Evolution is driven by variation among populations. The amount of variability determines how well a population can adapt to environmental changes, while random mutations can provide new variations that help a population adapt to unexpected changes.
Evolution Occurs Within Populations
The theory of evolution explains the phenomenon that species living today are descendants of species from long ago. A common misconception about this process is that individuals ‘adapt’ to their environment in order to survive, but this is not the case.For example, a giraffe may want a longer neck so that it can reach leaves on higher branches, but it certainly can’t make its neck grow longer to do so. However, other giraffes within the local population may naturally have longer necks, and if leaves on lower branches are in short supply, the shorter-necked giraffes within that population will not survive as well as the ones with longer necks.
In this way, the population changes over time so that longer-necked giraffes are more common, and this reflects the demands of the environment (the higher branches).So, it’s in this way that evolution is more of an editing process than a creative process. There is no such thing as a ‘perfect’ organism. Evolution simply ‘selects’ for individuals with traits that are best suited to the current environment. If low branches become more available, the short-necked giraffes would thrive, since they are the ones within the population best suited for this type of environment.
Charles Darwin saw much evidence for evolution because he observed variation among individuals within populations, like the short- and long-necked giraffes.
These differences are known as genetic variations, which are the naturally occurring genetic differences among individuals.Variation is easy to see. For example, if your friend is looking for you in a crowd, they can easily spot you because you look different than everyone else. This comes from your unique DNA, which helps you look just a little bit different than all other humans.
Even within your immediate family, you share many common traits, but each sibling will have their own variation on the genes inherited from your parents.We can measure genetic variation, but what may be more important to understand is the potential for a characteristic to vary within a population, or the genetic variability. This is different from genetic variation because instead of measuring the actual variation within a population, it measures how much the trait will vary. Genetic variability is directly related to biodiversity and evolution, because a population needs enough variability to be able to adapt and evolve to environmental changes.
Let’s look at our giraffe population as an example. The genetic variation in the population is the different length necks: short, long, and everything in between. The variability is how much that neck length tends to vary within the population. A high variability will allow the population to adapt to environmental changes (like the branch height), whereas a low variability means that population will not be able to adapt to new branch heights and will risk extinction.
Some variations are hereditary, like neck length in giraffes.
Long-necked giraffes will tend to have long-necked giraffe babies, while short-necked giraffes will tend to have short-necked babies. Sometimes, though, variations occur within a population because of random mutations, which are changes in the nucleotide sequence of DNA. Your DNA is like a set of instructions, and a mutation occurs when those instructions are changed.Random mutations are a critical component of evolution because mutations create genetic variation within a population. If a mutation is harmful, it will likely be weeded out very quickly, because any change in the population that makes an organism less ‘fit’ will ultimately lead to its demise.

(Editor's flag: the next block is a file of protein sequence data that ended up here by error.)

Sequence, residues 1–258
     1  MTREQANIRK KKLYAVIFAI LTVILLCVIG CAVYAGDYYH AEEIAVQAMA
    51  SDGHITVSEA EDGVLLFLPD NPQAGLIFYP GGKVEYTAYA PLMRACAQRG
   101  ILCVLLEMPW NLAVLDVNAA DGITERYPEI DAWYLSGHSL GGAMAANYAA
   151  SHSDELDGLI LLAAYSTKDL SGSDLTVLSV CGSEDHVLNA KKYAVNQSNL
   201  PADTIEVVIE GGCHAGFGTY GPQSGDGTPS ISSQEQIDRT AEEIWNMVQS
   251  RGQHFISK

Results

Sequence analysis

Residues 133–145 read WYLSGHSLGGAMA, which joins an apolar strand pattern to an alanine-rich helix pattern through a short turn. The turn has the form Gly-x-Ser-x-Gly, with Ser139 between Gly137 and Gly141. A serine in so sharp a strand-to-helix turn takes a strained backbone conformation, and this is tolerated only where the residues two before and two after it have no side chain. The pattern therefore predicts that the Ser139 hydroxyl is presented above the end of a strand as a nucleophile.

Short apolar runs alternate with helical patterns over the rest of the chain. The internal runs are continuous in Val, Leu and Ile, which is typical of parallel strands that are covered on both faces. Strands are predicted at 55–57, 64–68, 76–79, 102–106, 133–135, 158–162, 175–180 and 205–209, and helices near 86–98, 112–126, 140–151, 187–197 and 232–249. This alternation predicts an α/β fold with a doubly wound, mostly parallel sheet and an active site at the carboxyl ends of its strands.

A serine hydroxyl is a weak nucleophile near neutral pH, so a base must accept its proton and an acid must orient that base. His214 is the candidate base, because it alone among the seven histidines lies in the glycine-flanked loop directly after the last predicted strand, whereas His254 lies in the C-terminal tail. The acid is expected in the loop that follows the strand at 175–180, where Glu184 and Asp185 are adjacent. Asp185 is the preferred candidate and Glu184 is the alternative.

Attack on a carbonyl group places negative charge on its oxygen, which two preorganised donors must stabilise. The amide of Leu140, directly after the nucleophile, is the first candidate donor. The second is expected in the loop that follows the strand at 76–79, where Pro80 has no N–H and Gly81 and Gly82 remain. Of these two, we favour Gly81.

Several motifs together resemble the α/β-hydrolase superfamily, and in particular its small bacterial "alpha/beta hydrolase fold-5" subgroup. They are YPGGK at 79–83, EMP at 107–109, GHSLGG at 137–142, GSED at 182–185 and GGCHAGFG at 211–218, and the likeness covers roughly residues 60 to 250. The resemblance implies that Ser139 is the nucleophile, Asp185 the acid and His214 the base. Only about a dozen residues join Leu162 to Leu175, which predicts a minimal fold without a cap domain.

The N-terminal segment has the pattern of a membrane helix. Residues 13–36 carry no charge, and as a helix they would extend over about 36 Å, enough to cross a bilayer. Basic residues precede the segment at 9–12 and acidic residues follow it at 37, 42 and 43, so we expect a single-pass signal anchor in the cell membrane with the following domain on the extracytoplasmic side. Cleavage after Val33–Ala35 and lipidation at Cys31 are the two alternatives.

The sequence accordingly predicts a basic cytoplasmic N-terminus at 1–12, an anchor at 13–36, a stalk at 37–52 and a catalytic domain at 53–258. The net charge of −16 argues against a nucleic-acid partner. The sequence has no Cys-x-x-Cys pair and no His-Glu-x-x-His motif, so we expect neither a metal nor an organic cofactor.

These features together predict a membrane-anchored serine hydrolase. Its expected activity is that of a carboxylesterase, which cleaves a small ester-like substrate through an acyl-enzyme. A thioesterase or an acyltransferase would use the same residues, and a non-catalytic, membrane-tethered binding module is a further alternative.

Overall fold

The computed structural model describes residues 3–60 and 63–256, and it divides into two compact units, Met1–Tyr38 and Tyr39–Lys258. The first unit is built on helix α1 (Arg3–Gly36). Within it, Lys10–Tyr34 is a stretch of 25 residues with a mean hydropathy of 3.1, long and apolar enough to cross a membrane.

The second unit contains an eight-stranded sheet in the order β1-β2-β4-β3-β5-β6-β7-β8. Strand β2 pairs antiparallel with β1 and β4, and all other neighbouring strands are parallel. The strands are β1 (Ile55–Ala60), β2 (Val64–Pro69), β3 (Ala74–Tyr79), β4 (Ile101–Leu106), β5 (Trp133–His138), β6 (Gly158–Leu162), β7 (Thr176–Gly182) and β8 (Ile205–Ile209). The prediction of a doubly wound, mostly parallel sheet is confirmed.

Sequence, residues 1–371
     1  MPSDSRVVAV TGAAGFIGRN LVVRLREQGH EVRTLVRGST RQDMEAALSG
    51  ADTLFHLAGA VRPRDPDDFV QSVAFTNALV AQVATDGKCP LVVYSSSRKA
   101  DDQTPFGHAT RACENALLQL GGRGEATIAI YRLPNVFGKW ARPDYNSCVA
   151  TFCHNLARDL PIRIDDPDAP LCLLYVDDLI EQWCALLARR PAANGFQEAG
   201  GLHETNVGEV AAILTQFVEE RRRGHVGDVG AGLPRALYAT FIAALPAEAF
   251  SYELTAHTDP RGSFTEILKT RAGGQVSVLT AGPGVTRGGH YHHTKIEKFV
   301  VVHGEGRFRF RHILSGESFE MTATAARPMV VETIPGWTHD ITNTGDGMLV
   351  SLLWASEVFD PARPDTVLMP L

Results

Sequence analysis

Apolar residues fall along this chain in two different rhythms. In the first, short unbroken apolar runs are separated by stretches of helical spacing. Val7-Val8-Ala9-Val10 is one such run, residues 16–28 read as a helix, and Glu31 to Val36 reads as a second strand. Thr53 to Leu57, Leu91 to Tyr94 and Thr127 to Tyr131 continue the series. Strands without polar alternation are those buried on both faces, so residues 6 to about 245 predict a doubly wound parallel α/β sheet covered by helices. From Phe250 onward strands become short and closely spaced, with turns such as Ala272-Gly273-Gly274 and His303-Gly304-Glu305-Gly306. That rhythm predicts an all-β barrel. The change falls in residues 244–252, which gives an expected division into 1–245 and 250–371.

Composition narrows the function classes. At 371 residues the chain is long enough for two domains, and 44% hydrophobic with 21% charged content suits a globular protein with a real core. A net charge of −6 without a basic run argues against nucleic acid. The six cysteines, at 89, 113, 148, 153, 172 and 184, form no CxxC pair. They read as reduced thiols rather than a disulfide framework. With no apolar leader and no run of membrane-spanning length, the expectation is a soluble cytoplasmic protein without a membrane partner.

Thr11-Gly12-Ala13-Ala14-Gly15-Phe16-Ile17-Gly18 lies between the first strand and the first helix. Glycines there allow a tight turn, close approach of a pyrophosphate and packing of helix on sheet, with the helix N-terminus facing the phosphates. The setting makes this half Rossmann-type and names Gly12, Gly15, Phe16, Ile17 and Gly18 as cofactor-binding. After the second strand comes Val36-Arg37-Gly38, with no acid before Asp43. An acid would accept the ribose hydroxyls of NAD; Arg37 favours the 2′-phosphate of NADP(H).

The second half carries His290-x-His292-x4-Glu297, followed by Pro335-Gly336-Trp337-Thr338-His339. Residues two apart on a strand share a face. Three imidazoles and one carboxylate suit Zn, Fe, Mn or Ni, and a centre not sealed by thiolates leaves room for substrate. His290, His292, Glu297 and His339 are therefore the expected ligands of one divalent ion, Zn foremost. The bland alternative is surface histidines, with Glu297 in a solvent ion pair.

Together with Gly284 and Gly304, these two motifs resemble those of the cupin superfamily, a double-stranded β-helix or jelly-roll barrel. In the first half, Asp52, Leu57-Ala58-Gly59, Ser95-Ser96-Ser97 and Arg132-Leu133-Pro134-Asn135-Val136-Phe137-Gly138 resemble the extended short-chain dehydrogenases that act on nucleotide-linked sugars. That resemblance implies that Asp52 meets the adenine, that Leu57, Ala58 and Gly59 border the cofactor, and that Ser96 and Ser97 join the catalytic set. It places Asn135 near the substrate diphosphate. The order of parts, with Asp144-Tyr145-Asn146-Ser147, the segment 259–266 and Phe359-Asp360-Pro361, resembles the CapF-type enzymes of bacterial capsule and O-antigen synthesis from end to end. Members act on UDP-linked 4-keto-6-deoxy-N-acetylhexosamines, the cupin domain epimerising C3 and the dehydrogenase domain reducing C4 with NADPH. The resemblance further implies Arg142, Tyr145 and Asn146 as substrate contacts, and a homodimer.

But sometimes a mutation may actually be beneficial to an individual, so it survives and reproduces, passing that variation on to the next generation. This often occurs when the environment is changing in such a way that it supports the mutation.We see this with pesticide-resistant insects. All it takes is one individual to have a mutation in their genome that makes them resistant to pesticides, since they can survive and then pass this mutation on to their offspring. While most of the population may die after a pesticide application, the ones that have the resistance mutation will eventually become common, essentially creating a new population that is resistant to the poison.
Evolution occurs within a population because of variation among individuals.
Genetic variation is when individuals in a population have variations of the same trait, such as short- or long-necked giraffes. The genetic variability of that population tells us how much the trait will vary. This also tells us how well that population will adapt to environmental changes: high variability means better adaptability, but low variability means a higher likelihood of extinction.While many variations are hereditary (like a long-necked giraffe having long-necked babies), sometimes a variation comes about from a random mutation.
This mutation occurs because of changes in an individual’s DNA. Often, mutations are lethal because they are not beneficial to the individual. However, sometimes a mutation is beneficial, and this allows that individual to survive and create more offspring, making it more ‘fit’ for its environment.
This lesson could provide you with the knowledge required to:
- Cite an example of the theory of evolution
- Explain the ways in which change occurs over time
- Compare and contrast genetic variation and genetic variability
- Discuss the occurrence and implications of random mutation in individuals